Loudoun effort aimed at developing rural businesses
- June 28, 2014
Many people know Loudoun County for its concentration of technology-focused businesses, but the county’s economic engine also is fueled by agriculture.
About three-fourths of the county’s landmass is rural, with about 150,000 acres of active farmland. Rural businesses contribute more than $69 million to the county’s economy each year. “We have 42 farm wineries in the county and that number is growing,” says Kellie Boles, Loudoun’s agricultural development officer. “We also have more berry growers in Loudoun than any other county in the state.”
The growth of the county’s rural economy is in part a result of Loudoun’s rural business development team. It is rolling out a yearlong initiative to help landowners begin or expand agricultural businesses in western Loudoun. “We wanted to fill in the gaps in the rural economy,” Boles says.
Before the rollout, county representatives traveled to New York’s Finger Lakes region, known for its wineries, to see what complementary businesses exist there. The Loudoun officials, for example, visited a dairy and participated in cheese tastings. “We looked at the pieces we need to fill in to make ours a diverse rural economy as well,” Boles says.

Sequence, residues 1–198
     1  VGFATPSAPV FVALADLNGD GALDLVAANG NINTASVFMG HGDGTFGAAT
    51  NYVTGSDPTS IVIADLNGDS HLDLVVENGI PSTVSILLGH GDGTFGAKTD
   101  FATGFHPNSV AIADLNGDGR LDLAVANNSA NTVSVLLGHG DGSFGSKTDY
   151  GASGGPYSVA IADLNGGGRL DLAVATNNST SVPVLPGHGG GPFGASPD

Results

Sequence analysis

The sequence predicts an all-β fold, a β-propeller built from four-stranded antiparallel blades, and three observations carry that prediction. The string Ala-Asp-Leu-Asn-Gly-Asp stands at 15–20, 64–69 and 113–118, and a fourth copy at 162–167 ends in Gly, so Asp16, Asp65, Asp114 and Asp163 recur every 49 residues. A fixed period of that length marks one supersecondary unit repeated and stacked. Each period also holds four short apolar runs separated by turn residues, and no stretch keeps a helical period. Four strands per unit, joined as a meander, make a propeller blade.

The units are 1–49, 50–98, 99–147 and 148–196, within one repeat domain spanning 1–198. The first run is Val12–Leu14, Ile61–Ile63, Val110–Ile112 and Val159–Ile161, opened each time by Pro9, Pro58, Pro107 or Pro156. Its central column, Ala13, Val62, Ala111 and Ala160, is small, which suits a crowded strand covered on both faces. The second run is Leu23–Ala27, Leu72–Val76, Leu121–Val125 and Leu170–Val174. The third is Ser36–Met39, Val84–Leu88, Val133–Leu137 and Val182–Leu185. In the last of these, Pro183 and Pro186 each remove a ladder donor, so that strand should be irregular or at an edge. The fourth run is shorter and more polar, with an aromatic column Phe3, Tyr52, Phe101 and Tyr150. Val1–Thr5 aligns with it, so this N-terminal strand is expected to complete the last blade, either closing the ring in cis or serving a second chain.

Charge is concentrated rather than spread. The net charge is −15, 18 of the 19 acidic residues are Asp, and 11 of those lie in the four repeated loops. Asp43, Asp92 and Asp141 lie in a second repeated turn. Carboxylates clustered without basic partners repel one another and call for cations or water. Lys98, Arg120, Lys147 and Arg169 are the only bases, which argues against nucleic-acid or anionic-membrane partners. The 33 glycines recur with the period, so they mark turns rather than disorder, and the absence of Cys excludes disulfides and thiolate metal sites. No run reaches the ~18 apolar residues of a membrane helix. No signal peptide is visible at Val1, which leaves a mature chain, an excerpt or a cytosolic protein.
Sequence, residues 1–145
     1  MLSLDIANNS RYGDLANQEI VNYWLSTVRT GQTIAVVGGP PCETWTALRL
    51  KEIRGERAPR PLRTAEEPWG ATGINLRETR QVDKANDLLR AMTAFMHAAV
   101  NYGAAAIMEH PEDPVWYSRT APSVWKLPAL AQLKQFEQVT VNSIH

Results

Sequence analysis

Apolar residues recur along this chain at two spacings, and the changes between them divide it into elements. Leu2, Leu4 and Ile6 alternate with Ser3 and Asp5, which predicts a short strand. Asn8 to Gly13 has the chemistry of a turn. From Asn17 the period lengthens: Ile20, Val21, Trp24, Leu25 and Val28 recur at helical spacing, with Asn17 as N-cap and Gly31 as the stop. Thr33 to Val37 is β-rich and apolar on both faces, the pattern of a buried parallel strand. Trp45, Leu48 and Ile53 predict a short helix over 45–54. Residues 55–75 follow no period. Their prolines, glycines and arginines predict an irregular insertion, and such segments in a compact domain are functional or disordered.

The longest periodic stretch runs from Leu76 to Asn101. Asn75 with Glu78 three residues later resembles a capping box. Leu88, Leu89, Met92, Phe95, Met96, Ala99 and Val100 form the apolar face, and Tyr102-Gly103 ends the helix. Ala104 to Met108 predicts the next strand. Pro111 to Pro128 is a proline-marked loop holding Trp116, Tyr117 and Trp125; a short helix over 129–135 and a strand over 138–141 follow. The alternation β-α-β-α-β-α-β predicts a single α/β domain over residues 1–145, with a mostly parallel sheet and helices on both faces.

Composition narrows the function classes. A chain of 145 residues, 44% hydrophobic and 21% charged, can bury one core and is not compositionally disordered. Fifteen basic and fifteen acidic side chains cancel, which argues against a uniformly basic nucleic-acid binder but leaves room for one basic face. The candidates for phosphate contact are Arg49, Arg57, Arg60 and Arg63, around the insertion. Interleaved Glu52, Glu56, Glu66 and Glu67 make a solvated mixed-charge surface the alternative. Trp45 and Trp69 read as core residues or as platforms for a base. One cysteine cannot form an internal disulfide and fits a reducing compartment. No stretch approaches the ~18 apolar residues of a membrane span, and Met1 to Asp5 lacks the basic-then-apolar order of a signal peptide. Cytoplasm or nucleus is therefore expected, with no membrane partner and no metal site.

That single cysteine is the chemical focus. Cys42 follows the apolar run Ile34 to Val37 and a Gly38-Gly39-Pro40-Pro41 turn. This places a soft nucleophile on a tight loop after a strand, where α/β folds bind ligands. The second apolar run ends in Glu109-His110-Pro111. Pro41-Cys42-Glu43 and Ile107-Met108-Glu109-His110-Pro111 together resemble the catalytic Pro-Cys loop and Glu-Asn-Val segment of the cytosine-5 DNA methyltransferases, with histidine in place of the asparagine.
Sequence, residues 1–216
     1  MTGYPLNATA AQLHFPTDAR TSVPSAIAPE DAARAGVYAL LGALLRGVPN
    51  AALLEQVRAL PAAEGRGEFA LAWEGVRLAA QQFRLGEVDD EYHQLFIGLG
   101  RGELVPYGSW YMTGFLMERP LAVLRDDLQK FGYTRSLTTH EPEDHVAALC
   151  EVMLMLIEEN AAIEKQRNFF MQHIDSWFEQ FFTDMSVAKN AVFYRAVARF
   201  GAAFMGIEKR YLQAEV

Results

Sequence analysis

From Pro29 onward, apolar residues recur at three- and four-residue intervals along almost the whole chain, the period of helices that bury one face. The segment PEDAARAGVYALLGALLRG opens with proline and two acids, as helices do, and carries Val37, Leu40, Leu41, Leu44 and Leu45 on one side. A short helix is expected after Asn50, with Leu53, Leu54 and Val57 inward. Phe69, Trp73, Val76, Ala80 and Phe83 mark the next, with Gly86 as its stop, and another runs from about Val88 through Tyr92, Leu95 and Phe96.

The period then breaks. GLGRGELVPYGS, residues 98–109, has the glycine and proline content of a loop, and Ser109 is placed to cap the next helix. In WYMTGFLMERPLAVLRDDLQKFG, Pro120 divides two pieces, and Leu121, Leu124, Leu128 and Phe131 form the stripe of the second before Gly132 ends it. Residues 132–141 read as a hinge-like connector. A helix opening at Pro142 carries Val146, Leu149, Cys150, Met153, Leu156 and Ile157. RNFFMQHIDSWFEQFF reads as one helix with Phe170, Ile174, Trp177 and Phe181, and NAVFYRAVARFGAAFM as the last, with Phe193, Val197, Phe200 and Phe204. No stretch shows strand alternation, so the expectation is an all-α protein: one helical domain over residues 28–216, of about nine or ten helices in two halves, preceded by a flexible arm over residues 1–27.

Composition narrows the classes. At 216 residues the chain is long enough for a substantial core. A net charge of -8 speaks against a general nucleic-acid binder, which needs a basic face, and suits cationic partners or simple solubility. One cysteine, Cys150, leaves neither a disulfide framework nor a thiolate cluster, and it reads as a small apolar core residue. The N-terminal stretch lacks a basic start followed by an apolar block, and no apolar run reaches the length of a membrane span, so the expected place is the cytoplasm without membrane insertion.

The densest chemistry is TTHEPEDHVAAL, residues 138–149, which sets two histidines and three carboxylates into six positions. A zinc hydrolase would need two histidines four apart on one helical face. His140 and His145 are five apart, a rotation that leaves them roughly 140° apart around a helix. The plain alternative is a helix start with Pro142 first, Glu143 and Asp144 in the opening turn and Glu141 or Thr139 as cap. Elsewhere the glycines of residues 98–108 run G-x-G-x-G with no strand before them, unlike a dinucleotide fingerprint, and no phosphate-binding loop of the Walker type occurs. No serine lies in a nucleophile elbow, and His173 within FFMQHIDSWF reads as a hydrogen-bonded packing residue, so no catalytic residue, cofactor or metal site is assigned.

One of the up-and-coming industries the county is targeting is farm brewing. The Virginia legislature this year approved a new license that requires farm breweries to use agricultural products grown on their land to make beer. “The county is now writing a zoning ordinance amendment that would allow farm breweries in the western part of the county,” Boles says.
The county also hopes to pull in more businesses like Endless Summer Harvest, a hydroponic lettuce operation. The company has built a permanent greenhouse and plans to double its output in the next year.
“That is what we want: people who will invest in the county,” Boles says. “We are also seeing more people putting in orchards, such as Moonfire Orchard, which grows heirloom apple trees.”
Moonfire plans to supply a cidery in the county. It represents a prime example of one business spawning another. “Our next wave will be businesses that support the brewery industry that produce fruits and grains like barley and hops,” Boles says.
One of the benefits of a growing agricultural economy is it requires less infrastructure, in terms of roads, schools and utilities, in comparison with residential communities and commercial enterprises. “Farmland contributes more to the tax base than it gets in services. Agriculture is a net positive for Loudoun,” Boles says.